The White Swan Formula: Part. 3

The White Swan Formula: Part. 3


The White Swan Formula: Part. 3

The White Swan Formula: Part. 3


James Featherby will be visiting the Chanel Islands later this month to speak at Business Connect hosted events (register here) In the run up we will be serialising his post crash analysis here on the blog

Part Three: The Case For Values

It is clear that we need regulation that is more shrewd, nationally and on a globally co-ordinated basis, and we certainly need strong and flexible public and private institutions.

It is my conviction, however, that our problems are in reality human, not technical. They are philosophical and psychological, not regulatory or economic. Both the reason for our past diffıculties and the solution for the way forward can, in my view, be found in one simple word: values.

It is my belief that it will only be through rediscovering our time-honoured values that we will rebuild our confıdence in doing business with each other, and that it will only be through rediscovering our ancient paths that we will rebuild not only our own prosperity but also the prosperity of those who depend on us.

It is no longer enough – as so many may have been doing for so long –merely for us to operate honestly within a system that has lost its direction. We now need to mould the system itself so that it increasingly reflects the values to which we aspire. It will be tough to achieve this. No-one is in doubt about the size of the challenge. The danger is that we return to our old habits of asking the Government to solve our problems or not truly learning from any of the other lessons mentioned above, including that regulation is ineffective and costly and restricts rather than encourages helpful innovation.

Values on the other hand do two things.

Fırst – over the long-term – the economy of a country whose business is based on sound values will be signifıcantly more healthy than the economy of a country whose business lacks a strong, values-based approach. Through positive values the fairness, sustainability and communal well-being of a country is enhanced.

Second – over the long-term – business is more profıtable if it takes a values-based approach to setting its objectives and managing its operations.

More rigorous recognition and avoidance of conflicts of interest would have delivered better alignment of risk and reward. More courage would have enabled more challenges to conventional herd-like thinking. Less aggression would have permitted managers to listen more attentively to contrary views. More humility would have produced better risk management. Better perspective would have assessed risk with more clarity. More restraint would have led to better investment decisions. A longer-term view would have delivered less volatility.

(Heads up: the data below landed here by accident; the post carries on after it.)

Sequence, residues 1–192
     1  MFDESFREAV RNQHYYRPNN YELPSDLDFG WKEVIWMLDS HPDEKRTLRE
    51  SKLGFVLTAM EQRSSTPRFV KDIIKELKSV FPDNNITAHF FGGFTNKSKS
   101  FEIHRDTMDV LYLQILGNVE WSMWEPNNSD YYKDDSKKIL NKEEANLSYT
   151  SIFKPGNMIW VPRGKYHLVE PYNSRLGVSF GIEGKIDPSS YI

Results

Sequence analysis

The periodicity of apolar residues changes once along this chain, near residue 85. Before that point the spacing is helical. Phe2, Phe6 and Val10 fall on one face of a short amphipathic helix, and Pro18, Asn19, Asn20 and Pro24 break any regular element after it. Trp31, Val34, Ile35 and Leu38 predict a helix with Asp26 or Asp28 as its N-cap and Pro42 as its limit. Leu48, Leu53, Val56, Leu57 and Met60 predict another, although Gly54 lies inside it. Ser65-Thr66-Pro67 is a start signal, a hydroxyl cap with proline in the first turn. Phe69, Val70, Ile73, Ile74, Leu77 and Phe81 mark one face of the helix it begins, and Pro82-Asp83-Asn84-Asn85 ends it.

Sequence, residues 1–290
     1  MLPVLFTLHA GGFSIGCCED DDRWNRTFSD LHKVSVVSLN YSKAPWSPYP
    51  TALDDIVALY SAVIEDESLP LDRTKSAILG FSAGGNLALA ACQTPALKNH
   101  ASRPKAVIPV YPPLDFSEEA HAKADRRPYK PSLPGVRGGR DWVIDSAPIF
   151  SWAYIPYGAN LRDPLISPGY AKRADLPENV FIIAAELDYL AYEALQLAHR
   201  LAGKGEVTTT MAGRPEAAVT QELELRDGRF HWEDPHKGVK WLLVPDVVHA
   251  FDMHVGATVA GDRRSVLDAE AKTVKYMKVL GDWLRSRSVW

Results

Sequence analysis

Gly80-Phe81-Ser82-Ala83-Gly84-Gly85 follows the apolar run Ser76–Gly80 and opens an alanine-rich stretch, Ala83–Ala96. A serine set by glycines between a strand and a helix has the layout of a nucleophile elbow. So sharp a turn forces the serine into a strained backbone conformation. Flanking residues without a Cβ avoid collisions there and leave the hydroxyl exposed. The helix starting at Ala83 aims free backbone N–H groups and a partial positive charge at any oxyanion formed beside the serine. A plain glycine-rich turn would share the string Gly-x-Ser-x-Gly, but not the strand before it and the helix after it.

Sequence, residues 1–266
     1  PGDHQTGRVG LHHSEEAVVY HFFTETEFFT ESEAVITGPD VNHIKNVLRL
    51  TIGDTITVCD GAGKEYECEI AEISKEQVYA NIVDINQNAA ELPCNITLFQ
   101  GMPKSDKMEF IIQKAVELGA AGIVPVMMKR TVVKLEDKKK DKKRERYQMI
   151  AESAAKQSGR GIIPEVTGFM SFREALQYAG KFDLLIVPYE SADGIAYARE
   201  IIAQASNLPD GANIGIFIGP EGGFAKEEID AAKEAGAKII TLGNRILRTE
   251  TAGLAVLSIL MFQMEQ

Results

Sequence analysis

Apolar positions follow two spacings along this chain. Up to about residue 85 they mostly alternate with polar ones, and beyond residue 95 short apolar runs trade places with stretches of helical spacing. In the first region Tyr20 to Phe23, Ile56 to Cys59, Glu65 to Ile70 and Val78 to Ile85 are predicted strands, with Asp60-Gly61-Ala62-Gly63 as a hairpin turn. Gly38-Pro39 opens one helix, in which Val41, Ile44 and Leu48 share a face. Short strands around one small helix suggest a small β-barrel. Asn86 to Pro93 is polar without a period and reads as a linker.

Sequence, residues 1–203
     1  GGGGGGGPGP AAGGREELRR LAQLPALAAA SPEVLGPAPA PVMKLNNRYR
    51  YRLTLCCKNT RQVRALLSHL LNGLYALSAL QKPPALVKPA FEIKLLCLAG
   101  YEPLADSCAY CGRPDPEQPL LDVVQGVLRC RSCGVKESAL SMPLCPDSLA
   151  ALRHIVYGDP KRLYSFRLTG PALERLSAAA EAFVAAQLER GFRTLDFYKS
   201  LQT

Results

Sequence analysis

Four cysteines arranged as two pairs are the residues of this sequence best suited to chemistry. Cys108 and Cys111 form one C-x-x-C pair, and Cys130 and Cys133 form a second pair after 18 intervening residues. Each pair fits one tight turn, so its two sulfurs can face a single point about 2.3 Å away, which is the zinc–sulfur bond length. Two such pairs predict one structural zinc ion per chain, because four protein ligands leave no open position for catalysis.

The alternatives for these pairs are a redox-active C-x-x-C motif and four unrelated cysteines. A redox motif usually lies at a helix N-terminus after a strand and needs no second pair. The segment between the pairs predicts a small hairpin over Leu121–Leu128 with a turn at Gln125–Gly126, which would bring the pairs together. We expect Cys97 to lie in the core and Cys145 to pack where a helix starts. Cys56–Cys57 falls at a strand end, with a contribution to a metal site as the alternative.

At the end of the day risk is a decision, it is not a mathematical formula, and it is a decision best not taken by the arrogant.

All of these are, fundamentally, human factors. It is values that are the birthplace of good judgement, and to regain these values we will need to rediscover something of our humanity.

There are those who believe that it is only leadership that brings about change. And there are those who believe that it is only grass-roots movements which in the end endure. We surely need both. All of us need to adopt in our personal and in our business lives a new set of values of which we can be proud.

There will always be cynics who prefer pragmatism to principle, who will assess short-term income and not long-term value, and for whom personal and business fınance is no place for ideals. That is their choice.

I am reminded though of a man named Samuel Budgett who, in the early part of the 19th Century, became known as 'The Successful Merchant' having built one of the largest businesses in Britain. After he died a biography was written of his life, charting the way in which he had applied his values to both his business and his personal life. Samuel Budgett had learnt that good values were good for business, allowing him to follow the encouragement of that great Methodist John Wesley to "earn a great deal, save a great deal and give a great deal". The book became a best seller, and helped change the way in which the Victorians did business. We in Britain still live in the light of that inheritance.

However, before we look at what some of these positive values might be, let us fırst consider six wrong-headed notions that have grown and confused us over the last 25 years.

This paper was orgianlly published by the LICC in 2009. You can access the whole paper here

James Featherby

James Featherby

James Featherby has worked in the City for more than 30 years. For most of this time he was a...

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